Featured Research

from universities, journals, and other organizations

Research Shows Explosives Remain Part Of Human Hair

Date:
April 6, 2004
Source:
University Of Rhode Island
Summary:
The comb, that simple device millions of people pass through their hair every day, could become the latest tool in the battle against terrorism.

KINGSTON, R.I -- March 17, 2004 -- The comb, that simple device millions of people pass through their hair every day, could become the latest tool in the battle against terrorism.

That’s because a group of University of Rhode Island researchers has found that chemicals used to make bombs remain in the hair of explosives handlers long after repeated washings.

The lead researcher, Professor of Chemistry Jimmie Oxley, one of the co-directors of URI's Forensic Science Partnership, has also found that when the research team members attached ordinary gauze to combs, they had effective collection devices.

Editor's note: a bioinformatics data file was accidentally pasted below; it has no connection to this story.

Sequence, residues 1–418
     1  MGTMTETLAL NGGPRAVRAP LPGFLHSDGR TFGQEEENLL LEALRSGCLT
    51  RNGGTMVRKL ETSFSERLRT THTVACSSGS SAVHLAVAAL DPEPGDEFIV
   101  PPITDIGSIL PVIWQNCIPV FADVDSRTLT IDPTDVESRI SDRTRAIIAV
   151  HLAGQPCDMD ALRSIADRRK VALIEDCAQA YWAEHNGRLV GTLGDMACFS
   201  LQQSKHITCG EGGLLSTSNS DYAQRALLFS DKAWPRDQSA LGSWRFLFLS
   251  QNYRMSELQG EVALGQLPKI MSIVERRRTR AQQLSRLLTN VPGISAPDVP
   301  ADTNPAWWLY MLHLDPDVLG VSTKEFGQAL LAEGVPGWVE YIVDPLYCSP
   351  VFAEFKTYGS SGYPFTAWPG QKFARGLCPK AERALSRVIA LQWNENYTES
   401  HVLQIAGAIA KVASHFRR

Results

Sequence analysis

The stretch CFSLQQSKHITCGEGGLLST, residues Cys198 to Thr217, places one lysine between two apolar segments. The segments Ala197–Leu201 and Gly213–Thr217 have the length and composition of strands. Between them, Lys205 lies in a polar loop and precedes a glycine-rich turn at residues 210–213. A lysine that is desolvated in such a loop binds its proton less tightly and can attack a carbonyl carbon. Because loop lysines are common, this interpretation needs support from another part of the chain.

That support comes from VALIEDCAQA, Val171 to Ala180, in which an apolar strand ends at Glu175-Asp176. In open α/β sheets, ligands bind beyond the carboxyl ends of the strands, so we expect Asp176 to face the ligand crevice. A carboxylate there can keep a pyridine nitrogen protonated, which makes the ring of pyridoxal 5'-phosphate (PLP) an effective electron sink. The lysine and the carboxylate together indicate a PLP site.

"We are very excited about what we found, because I didn’t know what to expect to find in terms of persistence," Oxley said.

"We’re at the very early stages of developing a practical field technique to link the perpetrator to a crime," the chemist said. "(Oklahoma City bomber Timothy) McVeigh had (the explosive) PETN on his shirt. If someone like him changes his shirt, we could still test his hair."

The team's early findings are the result of a two-year, $320,000 grant awarded by the National Memorial Institute for the Prevention of Terrorism. Located in Oklahoma City. The institute was incorporated Sept. 23, 1999, and grew out of the desire of the survivors and families to have a living memorial of the Murrah Federal Building bombing of April 19, 1995.